None of this is to say you shouldn’t make those stories for yourself. If a 30-page backstory helps you play the part of your character, then write it with all the creative power you have! Game Masters, you should keep working on that dream setting of yours. Just because you aren’t using what you write at the moment, doesn’t mean it won’t be featured in a future game. But to both parties in question, do not try to present it all in one massive information dump. It will be like tossing a handful of glitter on a page with a glue outline of a unicorn, most of it won’t stick.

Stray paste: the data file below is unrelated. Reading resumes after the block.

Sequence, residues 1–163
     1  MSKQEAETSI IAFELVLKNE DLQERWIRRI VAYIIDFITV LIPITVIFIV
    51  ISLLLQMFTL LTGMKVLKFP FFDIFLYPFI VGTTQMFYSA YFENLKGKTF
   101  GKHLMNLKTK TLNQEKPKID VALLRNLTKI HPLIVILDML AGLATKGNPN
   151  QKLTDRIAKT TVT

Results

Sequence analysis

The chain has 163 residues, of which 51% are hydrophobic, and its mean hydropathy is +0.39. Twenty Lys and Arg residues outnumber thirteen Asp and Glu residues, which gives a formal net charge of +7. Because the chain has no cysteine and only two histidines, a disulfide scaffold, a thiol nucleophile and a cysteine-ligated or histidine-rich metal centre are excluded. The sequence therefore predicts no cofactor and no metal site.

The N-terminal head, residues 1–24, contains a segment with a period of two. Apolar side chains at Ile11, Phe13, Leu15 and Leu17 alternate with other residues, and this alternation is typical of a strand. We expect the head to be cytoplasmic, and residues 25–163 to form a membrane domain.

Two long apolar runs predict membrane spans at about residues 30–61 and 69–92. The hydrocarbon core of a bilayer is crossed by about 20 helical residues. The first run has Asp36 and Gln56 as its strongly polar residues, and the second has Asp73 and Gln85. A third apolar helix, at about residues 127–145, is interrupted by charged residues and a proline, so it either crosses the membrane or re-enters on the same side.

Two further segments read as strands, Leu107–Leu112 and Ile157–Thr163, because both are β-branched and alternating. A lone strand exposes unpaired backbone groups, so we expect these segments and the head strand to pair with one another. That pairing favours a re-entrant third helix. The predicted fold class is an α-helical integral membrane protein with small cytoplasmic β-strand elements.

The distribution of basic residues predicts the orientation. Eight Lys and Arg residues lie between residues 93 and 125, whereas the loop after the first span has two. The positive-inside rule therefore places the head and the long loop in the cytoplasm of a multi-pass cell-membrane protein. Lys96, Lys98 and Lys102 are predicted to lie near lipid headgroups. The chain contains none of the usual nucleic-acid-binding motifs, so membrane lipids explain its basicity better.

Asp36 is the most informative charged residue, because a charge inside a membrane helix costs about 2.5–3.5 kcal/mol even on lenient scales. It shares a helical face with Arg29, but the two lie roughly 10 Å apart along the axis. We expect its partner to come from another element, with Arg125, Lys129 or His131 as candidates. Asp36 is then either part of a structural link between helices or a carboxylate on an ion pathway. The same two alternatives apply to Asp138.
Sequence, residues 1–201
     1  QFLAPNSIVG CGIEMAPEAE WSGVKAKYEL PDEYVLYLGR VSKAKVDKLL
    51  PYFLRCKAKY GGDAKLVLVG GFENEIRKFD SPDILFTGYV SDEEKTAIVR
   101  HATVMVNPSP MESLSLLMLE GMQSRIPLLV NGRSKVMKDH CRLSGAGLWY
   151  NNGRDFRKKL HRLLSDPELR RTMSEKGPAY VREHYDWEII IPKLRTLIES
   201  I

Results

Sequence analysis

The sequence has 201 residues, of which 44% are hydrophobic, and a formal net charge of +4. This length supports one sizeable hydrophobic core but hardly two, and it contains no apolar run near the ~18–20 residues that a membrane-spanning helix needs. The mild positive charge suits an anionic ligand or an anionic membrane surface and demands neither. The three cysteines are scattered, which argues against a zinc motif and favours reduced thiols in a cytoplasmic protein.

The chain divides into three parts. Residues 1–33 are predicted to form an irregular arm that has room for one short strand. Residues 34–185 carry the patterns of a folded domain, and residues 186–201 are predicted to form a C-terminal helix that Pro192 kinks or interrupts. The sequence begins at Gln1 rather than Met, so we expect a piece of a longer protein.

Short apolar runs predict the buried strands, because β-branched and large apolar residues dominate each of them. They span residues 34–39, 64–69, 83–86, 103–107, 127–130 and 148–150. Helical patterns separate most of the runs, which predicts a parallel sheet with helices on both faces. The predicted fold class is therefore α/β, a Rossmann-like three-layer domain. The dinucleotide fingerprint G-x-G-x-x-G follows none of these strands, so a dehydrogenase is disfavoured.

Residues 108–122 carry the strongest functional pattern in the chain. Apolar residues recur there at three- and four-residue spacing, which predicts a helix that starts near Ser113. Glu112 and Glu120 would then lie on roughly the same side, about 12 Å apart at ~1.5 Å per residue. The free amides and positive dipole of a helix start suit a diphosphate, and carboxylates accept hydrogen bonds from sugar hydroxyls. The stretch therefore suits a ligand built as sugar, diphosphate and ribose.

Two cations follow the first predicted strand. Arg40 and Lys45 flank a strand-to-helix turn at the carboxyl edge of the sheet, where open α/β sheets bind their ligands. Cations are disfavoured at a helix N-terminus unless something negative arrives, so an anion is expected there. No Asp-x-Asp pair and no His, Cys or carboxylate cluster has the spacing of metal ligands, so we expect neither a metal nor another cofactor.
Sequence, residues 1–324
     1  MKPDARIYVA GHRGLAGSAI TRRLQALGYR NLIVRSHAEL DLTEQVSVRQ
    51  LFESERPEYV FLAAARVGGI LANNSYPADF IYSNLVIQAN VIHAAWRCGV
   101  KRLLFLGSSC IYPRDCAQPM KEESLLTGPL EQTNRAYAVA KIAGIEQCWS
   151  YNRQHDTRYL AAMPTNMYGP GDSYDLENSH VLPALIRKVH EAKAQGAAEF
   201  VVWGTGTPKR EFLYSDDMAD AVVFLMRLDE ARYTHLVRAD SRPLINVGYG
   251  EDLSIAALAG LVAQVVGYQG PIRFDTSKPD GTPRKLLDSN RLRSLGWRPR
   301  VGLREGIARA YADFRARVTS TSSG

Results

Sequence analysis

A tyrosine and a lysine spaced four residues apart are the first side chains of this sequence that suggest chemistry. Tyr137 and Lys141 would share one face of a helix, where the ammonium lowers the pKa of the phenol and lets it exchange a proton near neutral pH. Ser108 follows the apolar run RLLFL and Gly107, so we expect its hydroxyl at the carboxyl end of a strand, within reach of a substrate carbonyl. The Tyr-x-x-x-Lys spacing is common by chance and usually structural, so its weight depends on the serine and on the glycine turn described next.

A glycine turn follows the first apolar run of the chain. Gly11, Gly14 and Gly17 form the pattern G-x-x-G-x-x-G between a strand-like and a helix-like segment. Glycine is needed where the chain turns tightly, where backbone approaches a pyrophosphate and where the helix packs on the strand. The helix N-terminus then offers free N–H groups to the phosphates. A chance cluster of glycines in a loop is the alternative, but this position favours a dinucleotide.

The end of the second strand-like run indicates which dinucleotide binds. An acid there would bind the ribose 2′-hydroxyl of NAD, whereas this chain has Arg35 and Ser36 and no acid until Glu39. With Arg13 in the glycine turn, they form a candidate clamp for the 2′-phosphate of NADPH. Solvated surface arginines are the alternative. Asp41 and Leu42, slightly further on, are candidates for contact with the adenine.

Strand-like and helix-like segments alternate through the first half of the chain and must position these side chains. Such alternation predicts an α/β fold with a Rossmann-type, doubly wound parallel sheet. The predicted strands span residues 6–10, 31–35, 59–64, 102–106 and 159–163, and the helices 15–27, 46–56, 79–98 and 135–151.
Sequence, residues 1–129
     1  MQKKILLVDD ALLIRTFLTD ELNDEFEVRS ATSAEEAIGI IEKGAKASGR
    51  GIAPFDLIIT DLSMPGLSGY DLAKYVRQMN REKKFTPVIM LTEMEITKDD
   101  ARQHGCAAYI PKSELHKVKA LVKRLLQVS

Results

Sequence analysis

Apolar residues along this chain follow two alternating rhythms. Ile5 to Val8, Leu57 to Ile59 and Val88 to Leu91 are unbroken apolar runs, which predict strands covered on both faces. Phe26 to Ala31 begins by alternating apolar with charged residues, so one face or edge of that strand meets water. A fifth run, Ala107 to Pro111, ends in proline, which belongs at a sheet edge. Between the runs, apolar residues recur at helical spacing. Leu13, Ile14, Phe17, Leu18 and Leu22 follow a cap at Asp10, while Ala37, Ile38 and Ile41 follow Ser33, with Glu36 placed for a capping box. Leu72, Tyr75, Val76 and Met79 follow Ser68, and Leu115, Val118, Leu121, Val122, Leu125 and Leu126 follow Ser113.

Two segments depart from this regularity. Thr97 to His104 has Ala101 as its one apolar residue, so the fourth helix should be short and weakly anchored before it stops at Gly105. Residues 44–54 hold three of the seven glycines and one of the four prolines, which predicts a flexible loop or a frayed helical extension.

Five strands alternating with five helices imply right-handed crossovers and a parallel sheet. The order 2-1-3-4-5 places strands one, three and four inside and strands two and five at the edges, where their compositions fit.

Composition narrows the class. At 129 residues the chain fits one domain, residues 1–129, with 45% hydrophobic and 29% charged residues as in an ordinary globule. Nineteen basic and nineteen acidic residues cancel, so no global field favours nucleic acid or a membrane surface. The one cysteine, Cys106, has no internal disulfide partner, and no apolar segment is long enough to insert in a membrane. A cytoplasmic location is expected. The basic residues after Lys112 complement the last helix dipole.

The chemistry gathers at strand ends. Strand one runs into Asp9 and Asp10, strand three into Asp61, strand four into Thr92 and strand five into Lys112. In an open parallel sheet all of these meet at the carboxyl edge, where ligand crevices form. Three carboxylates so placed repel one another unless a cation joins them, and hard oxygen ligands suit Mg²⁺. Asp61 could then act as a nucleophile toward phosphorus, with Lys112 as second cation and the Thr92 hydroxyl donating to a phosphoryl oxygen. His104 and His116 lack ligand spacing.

The fond memories we will walk away with will be those wonderful things that happened at the table, nothing else.

Game on!


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Episode 27: Player Creator

AlbumCoverIn today’s episode we remove Derek’s probationary title and make him a full fledge RPDNAer, we talk about our experience at GenghisCon 2014, Justin discusses a difficult player, and we talk about the different ways you can create a character for a campaign or series of games.

Derek’s new podcast, Tales Around the Campfire